If you keep up to date with the Dachshund Delights Facebook page – and if you don't, you really ought to – you no doubt saw our announcement that Dachshund Delights is the official harness and canine costume provider for the upcoming movie "Wiener Dog Nationals"! Our Hug-A-Dog Harnesses, Snap-A-Dannas, Doxy Racing Team patches, hats, a harness dress, and a costume we designed will be in the movie! The movie was filmed in Los Angeles, and we are located near Cleveland, and that could have made for some near-impossible logistics. Luckily for us, our erstwhile employee and longtime friend, Shirley, agreed to be our on-set representative. This was a big commitment of time and effort for her, for which we are very grateful, but not so grateful that we didn't also importune her into writing an account of her days on the movie's set. And here it is.

It all started years and years ago, when I found an ad in Dog Fancy, advertising a dachshund catalog for $1. I sent in my buck and received the catalog that opened the strange world of dachshund obsession to me. Dachshund Delights had harnesses that prevented my very strong Sunnie from further injuring her trachea with a collar. Dachshunds Prissy and Gracie would be fitted out as well, and there were wonderful things for my dachshund collection. In 2002, when I was about to be laid off from my corporate job and DD was seeking to increase its staff, the wieners and I moved from California to Ohio. In 2011, we returned to my native state.

The 'movie situation' started out kind of weirdly, an e-mail from April briefly describing Hug-A-Dog Harnesses being furnished for product credit and did I want to be a 'wiener wrangler?' Being 60 and single, dozens of double entendres flew into my mind and I agreed. Then, everything was immediately urgent. Filming was scheduled to start on July 10, with numerous dachshunds as stars, stand-ins, and extras. Hug-A-Dogs are made to measure in order to fit properly. E-mails and phone calls to the trainers resulted in measurements for the primary racing dogs and an appointment to measure the stars and stand-ins on July 5. At the trainer's house, I was in wiener dog heaven. Five smooth reds and one smooth black & tan. I haven't seen so many thin – OK, proper weight – dachshunds in quite a while. Measurements done, I got on the phone to DD. People worked late and made magic, and 30 harnesses shipped the next day, arriving at my house in Orange on Saturday.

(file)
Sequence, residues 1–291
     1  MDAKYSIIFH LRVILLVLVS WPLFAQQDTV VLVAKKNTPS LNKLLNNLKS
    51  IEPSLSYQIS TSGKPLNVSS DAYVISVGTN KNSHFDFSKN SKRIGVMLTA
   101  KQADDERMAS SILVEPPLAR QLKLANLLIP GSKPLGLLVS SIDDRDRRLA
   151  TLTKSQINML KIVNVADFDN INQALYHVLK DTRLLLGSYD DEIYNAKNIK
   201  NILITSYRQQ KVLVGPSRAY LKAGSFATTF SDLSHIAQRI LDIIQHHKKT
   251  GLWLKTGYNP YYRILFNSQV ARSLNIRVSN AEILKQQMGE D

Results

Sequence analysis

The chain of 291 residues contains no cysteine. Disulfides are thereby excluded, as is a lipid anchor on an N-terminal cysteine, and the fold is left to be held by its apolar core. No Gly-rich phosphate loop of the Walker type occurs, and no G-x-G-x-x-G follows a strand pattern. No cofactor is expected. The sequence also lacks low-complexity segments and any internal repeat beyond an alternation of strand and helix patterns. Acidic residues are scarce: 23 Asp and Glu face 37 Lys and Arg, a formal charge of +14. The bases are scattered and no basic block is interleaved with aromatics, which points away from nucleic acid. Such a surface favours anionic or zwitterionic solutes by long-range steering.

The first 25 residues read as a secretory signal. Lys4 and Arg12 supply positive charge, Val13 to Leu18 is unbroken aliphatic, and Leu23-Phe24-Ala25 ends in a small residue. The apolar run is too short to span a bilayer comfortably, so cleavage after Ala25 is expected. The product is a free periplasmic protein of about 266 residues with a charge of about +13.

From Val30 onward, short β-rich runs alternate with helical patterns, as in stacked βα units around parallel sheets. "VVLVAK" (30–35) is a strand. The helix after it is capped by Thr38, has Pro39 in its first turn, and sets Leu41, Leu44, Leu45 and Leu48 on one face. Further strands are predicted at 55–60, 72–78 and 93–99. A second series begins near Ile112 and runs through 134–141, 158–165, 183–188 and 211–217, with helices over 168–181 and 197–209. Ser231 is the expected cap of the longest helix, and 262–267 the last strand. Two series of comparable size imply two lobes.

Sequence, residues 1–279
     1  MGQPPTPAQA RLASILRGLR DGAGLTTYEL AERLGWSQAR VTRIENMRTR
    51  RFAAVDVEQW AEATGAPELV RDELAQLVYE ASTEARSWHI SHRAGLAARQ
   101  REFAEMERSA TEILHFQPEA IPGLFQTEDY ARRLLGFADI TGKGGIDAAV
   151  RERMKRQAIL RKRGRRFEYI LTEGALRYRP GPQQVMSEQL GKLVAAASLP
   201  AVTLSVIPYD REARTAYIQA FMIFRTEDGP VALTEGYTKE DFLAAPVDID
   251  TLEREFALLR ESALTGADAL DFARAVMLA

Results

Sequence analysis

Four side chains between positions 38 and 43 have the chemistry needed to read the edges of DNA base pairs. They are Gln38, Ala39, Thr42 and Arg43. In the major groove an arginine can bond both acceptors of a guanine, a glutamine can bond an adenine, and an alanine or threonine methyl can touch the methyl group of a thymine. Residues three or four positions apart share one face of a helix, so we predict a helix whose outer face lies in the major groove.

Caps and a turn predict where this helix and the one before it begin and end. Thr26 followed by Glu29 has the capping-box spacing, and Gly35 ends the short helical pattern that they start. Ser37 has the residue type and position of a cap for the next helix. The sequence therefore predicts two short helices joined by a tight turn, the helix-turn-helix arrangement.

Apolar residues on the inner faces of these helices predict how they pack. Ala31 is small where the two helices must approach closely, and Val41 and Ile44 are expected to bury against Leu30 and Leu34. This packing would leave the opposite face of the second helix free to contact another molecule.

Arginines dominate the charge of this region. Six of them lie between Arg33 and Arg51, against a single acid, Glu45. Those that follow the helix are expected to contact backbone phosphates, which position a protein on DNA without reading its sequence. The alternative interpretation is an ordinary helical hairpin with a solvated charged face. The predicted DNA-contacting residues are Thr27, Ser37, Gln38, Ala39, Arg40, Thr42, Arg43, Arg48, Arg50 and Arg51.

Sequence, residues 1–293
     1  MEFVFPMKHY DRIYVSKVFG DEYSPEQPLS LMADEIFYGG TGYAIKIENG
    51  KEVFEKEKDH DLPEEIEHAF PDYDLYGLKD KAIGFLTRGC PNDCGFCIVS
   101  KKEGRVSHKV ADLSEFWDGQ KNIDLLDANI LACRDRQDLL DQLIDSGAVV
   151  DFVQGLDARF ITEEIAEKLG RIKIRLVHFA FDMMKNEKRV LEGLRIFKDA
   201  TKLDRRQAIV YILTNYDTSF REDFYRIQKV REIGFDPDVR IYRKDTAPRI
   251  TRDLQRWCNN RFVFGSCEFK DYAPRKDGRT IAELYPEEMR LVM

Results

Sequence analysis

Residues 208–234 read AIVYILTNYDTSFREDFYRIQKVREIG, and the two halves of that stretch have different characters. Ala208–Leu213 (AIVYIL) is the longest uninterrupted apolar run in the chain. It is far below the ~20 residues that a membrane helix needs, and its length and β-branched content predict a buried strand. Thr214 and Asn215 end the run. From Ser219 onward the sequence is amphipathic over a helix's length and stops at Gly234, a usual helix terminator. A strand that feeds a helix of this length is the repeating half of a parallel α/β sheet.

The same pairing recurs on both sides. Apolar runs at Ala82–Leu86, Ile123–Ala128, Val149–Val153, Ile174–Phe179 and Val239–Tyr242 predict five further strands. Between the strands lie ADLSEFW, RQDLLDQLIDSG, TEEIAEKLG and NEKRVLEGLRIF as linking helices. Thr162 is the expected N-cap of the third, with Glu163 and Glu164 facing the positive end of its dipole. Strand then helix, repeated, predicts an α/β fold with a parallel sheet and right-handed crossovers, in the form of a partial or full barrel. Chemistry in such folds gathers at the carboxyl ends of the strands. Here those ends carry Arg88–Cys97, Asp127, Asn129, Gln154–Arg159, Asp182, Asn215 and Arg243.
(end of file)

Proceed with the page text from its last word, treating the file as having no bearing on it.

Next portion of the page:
On the tenth, I jumped onto the Southern California freeways, making the trip from Orange to Van Nuys in one hour – some kind of record, I'm sure. I was there right at the cast 'call time,' when everyone is expected to arrive. The wardrobe lady, to whom I was supposed to deliver the harnesses, was not there. After she arrived a few minutes later, her first-day-of-shooting day dissolved into a chaos of too-much-to-do-right-now, with non-delivered equipment and misplaced notes. I was to wait. No problem. Oh, yeah – and 'don't walk on the neighbors' lawn' I was instructed by an assistant director, 'we don't have a license for that property.' (The film production company's trailers were parked so that one was forced to trespass on the lawn in order to enter or exit. Fortunately, the neighbors seemed to be absent.) While waiting, I wandered over to the set, leaving my box of harnesses stashed under the wardrobe lady's trailer stairs. The owner of the house was just leaving, zooming her car backward down the driveway. Crew members immediately descended upon the garage to change its insides into a set.